Snäll means kind, so you're appealing to the other person's kindness. The constructions we use in Swedish don't always translate well directly to English, so translating it as please often fits better. One example where a direct translation works is "Vill du vara snäll och..."

For example: "Vill du vara snäll och ge mig en kaka?" translates to "Would you be kind and give me a bisquit?"

Not to be confused with "vänligen", which means "kindly" and is much more formal and not often used in speech.

Example: "Vänligen gå ej på gräset" - "Kindly don't step on the grass".


When you're speaking Swedish, you don't have to say 'snälla' like you do in English with 'please'. In Swedish, it's not considered impolite to miss not say 'snälla', it also would make more sense if you were talking to a Swedish person, or 'Swede'


Does the word 'snälla' really have emphasis on the second syllable? If I emphasized the first more or roughly equally would it sound strange?


Snalla is for children usually.


What's the difference between "snälla" and "vänligen"?


Vänligen is more formal, and snälla is usually used more in a pleading sense. They also usually have different constructions.


Snälla mamma, kan jag få en glass? - Please mom, may I have an icecream?

Vänligen ta ner fötterna från bordet. - Kindly take your feet off the table.


vänlingen can also be used for please like vänlingen vanta when you swipe a card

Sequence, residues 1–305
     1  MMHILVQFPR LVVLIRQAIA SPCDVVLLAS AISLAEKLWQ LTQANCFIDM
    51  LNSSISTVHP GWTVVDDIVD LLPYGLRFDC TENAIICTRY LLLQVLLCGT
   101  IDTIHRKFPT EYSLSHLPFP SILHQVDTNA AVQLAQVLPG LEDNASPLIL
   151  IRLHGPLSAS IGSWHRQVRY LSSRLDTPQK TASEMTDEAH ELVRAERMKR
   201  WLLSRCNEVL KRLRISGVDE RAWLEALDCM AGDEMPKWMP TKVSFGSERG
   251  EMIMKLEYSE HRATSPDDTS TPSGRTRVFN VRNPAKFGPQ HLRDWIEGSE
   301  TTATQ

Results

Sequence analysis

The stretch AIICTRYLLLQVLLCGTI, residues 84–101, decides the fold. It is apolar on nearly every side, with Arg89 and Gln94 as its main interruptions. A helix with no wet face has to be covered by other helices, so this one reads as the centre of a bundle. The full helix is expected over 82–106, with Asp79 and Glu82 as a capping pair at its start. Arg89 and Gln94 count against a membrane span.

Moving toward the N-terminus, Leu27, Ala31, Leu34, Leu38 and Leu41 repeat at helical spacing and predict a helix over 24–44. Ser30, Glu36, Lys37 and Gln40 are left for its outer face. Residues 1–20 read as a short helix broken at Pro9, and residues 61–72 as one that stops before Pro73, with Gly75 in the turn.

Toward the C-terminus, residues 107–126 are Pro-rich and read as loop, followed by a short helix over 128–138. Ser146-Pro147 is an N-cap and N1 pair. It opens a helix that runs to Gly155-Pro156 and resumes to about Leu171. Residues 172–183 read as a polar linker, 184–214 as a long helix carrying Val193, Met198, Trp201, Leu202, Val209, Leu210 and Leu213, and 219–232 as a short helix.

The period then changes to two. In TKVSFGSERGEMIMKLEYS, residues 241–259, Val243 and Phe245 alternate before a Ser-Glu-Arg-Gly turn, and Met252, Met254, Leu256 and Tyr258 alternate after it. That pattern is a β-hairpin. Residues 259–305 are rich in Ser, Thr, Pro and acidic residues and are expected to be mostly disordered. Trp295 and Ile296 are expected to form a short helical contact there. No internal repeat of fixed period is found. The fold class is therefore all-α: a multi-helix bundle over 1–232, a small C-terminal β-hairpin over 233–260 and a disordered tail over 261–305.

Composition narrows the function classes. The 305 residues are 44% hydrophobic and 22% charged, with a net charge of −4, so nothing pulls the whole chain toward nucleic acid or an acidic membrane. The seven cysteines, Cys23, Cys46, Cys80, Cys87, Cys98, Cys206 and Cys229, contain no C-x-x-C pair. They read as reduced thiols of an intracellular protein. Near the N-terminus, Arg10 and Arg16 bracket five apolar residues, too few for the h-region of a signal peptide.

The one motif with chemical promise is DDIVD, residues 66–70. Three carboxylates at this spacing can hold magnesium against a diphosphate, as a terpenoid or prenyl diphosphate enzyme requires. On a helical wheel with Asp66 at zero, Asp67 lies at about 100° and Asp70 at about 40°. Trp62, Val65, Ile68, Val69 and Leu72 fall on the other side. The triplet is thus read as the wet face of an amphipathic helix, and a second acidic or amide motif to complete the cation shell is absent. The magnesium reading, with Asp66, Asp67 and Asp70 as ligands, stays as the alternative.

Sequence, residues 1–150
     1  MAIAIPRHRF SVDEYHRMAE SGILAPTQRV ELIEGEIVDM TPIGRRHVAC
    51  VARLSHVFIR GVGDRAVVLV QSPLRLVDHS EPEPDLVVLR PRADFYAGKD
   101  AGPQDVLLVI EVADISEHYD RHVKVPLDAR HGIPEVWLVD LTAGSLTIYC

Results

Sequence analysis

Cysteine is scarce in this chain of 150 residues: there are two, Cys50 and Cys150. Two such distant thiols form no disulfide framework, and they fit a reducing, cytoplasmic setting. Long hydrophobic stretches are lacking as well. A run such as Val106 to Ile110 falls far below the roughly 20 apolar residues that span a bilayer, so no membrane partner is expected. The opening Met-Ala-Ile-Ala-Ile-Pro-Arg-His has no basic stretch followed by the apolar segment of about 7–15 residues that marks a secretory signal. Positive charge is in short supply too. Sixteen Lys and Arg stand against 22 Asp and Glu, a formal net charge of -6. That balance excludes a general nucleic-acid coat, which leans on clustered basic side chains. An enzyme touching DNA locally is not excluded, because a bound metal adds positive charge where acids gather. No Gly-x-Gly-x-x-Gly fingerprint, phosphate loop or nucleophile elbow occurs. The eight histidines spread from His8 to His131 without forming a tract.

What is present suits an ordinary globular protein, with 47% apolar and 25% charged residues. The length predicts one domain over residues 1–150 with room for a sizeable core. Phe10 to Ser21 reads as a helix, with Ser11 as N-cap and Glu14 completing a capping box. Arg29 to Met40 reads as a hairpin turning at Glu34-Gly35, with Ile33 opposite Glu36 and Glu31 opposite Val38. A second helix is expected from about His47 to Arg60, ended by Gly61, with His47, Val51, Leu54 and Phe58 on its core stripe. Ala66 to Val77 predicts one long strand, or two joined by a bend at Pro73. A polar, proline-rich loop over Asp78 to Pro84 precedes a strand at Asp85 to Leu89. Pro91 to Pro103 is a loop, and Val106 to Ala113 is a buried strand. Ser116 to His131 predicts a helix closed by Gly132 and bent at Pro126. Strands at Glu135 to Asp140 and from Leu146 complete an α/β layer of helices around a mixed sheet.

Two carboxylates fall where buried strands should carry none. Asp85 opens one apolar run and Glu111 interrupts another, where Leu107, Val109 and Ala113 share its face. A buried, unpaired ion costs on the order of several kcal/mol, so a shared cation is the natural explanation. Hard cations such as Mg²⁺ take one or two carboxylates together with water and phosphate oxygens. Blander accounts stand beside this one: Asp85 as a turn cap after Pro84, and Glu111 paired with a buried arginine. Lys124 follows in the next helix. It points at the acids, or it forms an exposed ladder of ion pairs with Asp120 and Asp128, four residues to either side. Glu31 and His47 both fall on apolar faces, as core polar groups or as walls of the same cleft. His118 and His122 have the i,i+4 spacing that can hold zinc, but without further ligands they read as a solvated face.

Is there any pronunciation difference between the normal "a" and the "a" with little dots on it? (Sorry, I can't type it on my phone)


Ä is usually pronounced like the "ai" in "air" while A is usually pronounced like the "a" in "far".


ok, so how exactly is "ja" pronounced? I couldn't really tell with the computer, the voice is just so animatronic, i didn't even know what it is saying.


From listening carefully, I believe the Swedish Ja/Jag is pronounced similar to how one would say the English word "jaw". It is a very deep 'aaaaw' sound. Hope that helps!


I thought 'tack' meant thank you


Just learning I enjoy reading everyone's comments what do the country's flags indicate on top of the commentators posts please ?


The language(s) they are learning


Snälla is a wrong word in that sentence


Well, my bf says that it can be used as please. But it is more like a "yes, dear". So if it was used in a different sentence then it wouldnt be please. idk is that wrong?


Jas snella was seen as correct. I'm learning incorrect spellings!!


This means: yes, hurry


it was worng to say Yes plz dadyy


I read somewhere that snälla is used in either a passive-aggressive or begging manner. Is this true?


Hej, could someone let me know when to use tack and when to use snälla when saying please? An earlier question had tack but not for this one. Tack sa mycket. (I know the a has a symbol on it but I don't have Swedish keyboard to type it freely).